Straight and Left, a ride through South America on a bike

Anybody who has achieved what he set out to, can understand what I felt when I finally got my bike, a beautiful KTM 640 Adventure, from the Bonded warehouse in Bogota Colombia. The simple plan was to ride south: Colombia, Ecuador, Peru, Bolivia, Argentina, Chile, Brazil and everything else I could experience in South America.

KMS Travelled


Day two, as I was crossing the Andes, I took the worst fall of my trip. Just day 2, bike on top of me for 30 minutes, blood oozing through my pants, and confidence oozing out of me. Not the best start. The next day I made a deal with my bike, I promised I would take her home with me, as long as she got me to the airport – she did. The police warned me against going deep into the Colombian forests. I didn’t listen. Two days through dirt tracks, and I finally saw them. The FARC (Revolutionary Army of Colombia – bad people! ) they had their AK 47s and did not look happy. I prayed and rode away as fast as I could. The rest of Colombia was amazing: a lonely desert, dancing cities and beautiful churches built along solid rock canyons.

Next up, Ecuador. I had a college buddy in Quito, and spent a week with him. His mother was like mine, she fed me till I dropped, and his dad got enough booze in me to manage the high 2,500-meter altitude. I rode along the Pacific Ocean, on a lonely, twisty road called ‘Routa Del Sol’. It literally means ‘The Route of the Sun’ but for me, I thought of it as the route of my soul. Think about it, the blue Pacific Ocean with its wind in your face, scented with the freshness of salt and adventure, and you on a motorcycle, no idea where you’re going to stop for the night, but probably some place exciting. This is how I felt for almost four months.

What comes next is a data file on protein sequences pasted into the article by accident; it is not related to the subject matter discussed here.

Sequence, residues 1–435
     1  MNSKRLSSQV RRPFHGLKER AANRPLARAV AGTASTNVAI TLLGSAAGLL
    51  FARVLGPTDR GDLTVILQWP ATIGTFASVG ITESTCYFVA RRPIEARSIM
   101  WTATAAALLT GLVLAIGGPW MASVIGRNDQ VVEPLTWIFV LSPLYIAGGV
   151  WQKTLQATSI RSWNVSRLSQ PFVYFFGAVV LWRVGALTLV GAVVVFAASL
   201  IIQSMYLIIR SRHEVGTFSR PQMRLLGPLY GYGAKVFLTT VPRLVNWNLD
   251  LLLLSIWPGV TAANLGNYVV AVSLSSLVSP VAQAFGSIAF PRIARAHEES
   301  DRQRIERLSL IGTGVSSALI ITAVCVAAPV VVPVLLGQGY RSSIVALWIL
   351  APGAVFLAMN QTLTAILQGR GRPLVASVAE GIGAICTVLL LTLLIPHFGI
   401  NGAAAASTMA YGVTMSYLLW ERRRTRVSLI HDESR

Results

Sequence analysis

Peru was nothing short of Pure Magic. I ended up spending a month there, riding through 5,000-meter and snow-capped peaks, and even spending five days on a boat through the Amazon jungle, with nothing but a hammock to lie on

For 10 years I have sat through lectures, tutorials, interviews, meetings, seminars, conferences and much more, all the time wondering in the back of my mind what it would feel like to do this trip and reach the end of the world.


“In the city of Tango, it’s just spectacular, am going to daNce with her, drink with her, and eat with her. Buenos Aires, I got to you after 11,500 kms on my motorcycle, but we arrived just as I wanted to: free, open and the wind in our faces.”

Next up Lama, small villages where they had never seen a tourist and two days of no human contact at all. I kept telling myself, this was not a holiday for me to check out the sights, but an adventure for the sights to check me out, and to see if I was worthy to cross. At the Amazon I decided to take the most local barge down the Amazon for five days. All I had was a hammock, and chickens on the boat to eat.

Cuzco, then Machu Picchu. This is a must-see for all, there is magic there, and you have to sit and feel it to understand it. I found a rock, sat down for three hours, admiring this beautiful place. I have been a fan of Che Guevara for about 10 years now, and I had to see where he was killed in Bolivia. When i reached there, in Sant Cruze Bolivia, all my possessions were stolen, including my passport. These things happen, you just have to keep moving. With a great network of family and friends, I was back on my feet in three weeks. Seeing the place where Che was killed somehow completed a journey in me.

My fiancé Pritha met me in Bolivia and we hit the Salt Flats of Bolivia. The ride there was the toughest on the trip. We woke the next morning and saw a white expanse in front of us. No roads, no signs, nothing, just salt as far as the eye could see. We spent two days on the salt flats, camping under some rocks. It took us five hours to get to Argentina. Once in, we headed for the Dakar rally. Seeing those bikes and cars flying through the desert gave me confidence, and inspiration to take part some day.

Pritha left for India, and I moved on. I was sad and tired at this point, and did not feel like battling the winds of Patagonia, which has a lot of wind, penguins, elephant seals and sea lions. I had ridden 15,000 km, consumed 650 liters of petrol and been through six countries. I got to the end, saw a bench, sat down and lit a cigar a friend had given me. All I could think about was about when I would go around the world on my motorcycle. I planted the Indian flag at the end of the road and took a picture.